1. Clarity of mission. When Francis returned home to Italy from his journey to Egypt in 1220, he found his brothers divided and in conflict.  Brother John had decided to organize the lepers the brothers were serving into a religious order and requested approval for the order from the Holy See. Brother Phillip had sought special protections from the Pope for the Poor Clares (defying Francis’ instructions not to seek favors in high places). Brothers Matthew and Gregory had imposed stricter fasting guidelines on the brothers, more appropriate for monks than for active friars. All of these measures had stirred up turmoil in the order and revealed a lack of clarity about the purpose of the life of the brothers.  Conflict-averse himself, Francis had avoided clarifying the mission of the order, either personally or in concert with his brothers.  Without clarity of mission, brothers had different understandings of what direction their lives and ministries should go.  As the order had grown and with Francis away, the situation had spiraled out of control.

           Clarity of mission can help a group stay focused through the stresses of growth and the temporary absence of the leader.

2. Preparation for leadership. In 1217 Francis had sent several groups of brothers out in ministry beyond Italy, to Germany, Hungary, England, and the Holy Land.  While the impulse was one of generous service, the missions failed.   Lacking preparation, the brothers couldn’t speak the language of the country they visited, didn’t understand the culture, and didn’t know how to translate their mendicant ways into a new setting.  Furthermore, many of these brothers had recently joined the order themselves and had no experience of leadership in their home context.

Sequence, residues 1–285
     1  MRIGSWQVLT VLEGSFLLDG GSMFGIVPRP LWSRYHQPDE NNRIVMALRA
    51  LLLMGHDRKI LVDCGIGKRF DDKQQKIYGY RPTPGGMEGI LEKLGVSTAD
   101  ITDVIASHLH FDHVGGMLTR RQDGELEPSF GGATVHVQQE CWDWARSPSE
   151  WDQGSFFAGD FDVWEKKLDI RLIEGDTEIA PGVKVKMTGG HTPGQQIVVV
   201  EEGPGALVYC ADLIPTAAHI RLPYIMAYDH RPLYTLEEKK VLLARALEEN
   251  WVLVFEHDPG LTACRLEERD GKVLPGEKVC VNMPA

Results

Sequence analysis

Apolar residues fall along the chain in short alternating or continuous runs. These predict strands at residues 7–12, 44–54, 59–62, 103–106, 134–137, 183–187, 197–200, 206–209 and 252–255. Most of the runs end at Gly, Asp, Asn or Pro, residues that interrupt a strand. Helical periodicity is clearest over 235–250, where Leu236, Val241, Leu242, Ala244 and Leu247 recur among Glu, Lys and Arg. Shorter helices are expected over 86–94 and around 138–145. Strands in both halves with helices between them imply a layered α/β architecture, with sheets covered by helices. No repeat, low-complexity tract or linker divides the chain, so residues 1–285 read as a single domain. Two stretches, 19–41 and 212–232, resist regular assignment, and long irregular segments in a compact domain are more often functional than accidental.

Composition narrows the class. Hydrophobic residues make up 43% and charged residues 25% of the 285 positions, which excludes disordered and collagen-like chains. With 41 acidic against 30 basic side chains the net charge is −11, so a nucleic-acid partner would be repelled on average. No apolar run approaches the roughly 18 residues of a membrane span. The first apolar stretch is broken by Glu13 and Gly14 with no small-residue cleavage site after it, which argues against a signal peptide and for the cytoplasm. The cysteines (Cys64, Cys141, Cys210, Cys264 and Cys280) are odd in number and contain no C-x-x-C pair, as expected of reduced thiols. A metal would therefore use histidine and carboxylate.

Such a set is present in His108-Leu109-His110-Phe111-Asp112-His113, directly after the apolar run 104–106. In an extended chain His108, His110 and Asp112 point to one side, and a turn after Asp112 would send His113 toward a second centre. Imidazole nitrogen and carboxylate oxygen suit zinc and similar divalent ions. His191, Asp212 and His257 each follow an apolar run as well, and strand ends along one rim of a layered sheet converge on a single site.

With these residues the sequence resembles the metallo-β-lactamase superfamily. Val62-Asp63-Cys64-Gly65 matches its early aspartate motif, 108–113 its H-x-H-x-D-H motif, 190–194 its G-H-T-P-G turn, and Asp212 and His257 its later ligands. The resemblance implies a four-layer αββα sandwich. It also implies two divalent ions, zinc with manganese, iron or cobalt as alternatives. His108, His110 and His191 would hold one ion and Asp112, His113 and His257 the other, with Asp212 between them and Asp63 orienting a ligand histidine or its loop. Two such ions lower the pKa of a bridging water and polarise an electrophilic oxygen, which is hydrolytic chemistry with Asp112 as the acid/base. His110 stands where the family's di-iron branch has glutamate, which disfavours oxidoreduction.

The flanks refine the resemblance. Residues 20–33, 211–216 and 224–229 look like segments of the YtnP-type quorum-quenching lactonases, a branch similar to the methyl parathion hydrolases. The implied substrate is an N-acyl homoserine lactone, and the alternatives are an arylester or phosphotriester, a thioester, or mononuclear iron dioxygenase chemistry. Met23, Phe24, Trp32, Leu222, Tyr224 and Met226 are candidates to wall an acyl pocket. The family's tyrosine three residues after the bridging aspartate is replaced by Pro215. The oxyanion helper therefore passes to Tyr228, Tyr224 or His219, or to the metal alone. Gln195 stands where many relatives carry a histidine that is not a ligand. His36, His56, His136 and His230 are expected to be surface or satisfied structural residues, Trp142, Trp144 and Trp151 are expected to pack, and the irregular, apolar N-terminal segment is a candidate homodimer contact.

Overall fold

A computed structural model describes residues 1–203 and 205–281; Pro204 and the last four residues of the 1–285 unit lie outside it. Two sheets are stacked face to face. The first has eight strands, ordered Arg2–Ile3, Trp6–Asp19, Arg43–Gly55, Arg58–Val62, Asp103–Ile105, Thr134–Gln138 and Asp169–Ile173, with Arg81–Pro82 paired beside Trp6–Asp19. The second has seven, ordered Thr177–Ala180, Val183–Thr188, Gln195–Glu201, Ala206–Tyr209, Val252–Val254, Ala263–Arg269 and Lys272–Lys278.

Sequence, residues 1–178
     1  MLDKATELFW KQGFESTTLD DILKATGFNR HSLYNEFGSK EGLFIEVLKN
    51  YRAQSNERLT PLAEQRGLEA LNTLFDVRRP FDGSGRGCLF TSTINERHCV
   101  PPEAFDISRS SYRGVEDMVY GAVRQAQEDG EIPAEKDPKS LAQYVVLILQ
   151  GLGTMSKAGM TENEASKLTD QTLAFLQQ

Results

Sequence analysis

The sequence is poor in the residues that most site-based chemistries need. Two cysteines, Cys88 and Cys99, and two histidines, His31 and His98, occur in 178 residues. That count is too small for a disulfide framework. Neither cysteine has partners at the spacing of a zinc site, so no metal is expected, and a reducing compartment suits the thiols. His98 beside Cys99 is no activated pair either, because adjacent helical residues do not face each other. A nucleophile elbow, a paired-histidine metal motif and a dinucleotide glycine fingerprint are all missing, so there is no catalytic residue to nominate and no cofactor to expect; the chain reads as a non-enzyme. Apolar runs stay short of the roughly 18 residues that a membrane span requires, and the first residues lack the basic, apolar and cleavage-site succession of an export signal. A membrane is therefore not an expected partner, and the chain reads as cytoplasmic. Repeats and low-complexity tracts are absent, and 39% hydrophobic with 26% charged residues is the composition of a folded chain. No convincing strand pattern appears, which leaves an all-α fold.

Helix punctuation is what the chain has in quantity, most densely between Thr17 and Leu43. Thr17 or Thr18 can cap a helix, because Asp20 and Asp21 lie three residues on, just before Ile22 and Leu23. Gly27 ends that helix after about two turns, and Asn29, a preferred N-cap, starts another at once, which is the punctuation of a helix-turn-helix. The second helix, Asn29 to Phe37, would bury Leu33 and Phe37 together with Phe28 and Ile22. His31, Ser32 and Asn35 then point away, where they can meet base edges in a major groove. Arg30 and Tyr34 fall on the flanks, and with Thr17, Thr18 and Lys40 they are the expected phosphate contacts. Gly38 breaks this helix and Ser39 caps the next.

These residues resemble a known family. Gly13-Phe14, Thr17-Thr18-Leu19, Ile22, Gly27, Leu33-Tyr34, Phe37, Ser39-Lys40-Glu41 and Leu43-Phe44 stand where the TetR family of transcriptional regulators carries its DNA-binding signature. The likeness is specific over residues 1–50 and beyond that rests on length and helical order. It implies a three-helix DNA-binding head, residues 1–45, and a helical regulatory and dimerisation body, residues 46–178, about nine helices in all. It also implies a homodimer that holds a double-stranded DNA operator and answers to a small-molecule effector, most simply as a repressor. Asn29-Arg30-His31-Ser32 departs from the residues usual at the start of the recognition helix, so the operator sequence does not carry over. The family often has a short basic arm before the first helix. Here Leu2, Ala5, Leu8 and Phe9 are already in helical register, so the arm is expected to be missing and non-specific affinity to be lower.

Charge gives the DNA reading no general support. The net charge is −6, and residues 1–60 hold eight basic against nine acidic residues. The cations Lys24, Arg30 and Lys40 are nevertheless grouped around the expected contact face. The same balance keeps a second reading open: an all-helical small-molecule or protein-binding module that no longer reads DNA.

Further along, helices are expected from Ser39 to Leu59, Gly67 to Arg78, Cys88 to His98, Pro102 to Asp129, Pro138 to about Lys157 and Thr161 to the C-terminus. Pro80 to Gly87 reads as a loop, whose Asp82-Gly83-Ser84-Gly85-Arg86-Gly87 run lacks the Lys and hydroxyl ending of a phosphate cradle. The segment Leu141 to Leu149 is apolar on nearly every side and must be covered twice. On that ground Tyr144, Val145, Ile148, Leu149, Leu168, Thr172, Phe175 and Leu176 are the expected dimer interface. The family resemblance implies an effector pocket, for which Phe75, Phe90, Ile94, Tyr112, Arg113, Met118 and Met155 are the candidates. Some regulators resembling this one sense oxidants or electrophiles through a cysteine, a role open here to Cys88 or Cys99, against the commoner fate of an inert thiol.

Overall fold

Adequate preparation can help lessen the shock of a new environment.  And gradual introduction to leadership responsibilities in one’s own setting can prepare the way for greater responsibility in a new setting.

3. Leadership succession. Francis decided to go off on mission himself when other brothers left on mission in 1217.  He only got as far as Florence, where Cardinal Hugolino dissuaded him and he returned to Assisi, convinced by Hugolino of the order’s need for his leadership at home.  But the urge to travel in ministry returned and he left for Egypt in 1219.  Though Francis did appoint leaders to be in charge in his absence, he hadn’t carefully considered what was required to lead a religious order, much less groomed others to take on those responsibilities.  The result, combined with the lack of clarity in mission mentioned above, was disastrous.  This episode served as a precursor to what happened when Francis died, when the fault lines in the order revealed themselves and caused more serious division and an eventual split in the order.

          Careful attention to raising up leaders can help a group through the difficulties of transition and keep a group moving together toward its goal when a leader is away for an extended absence or when the leader retires or dies.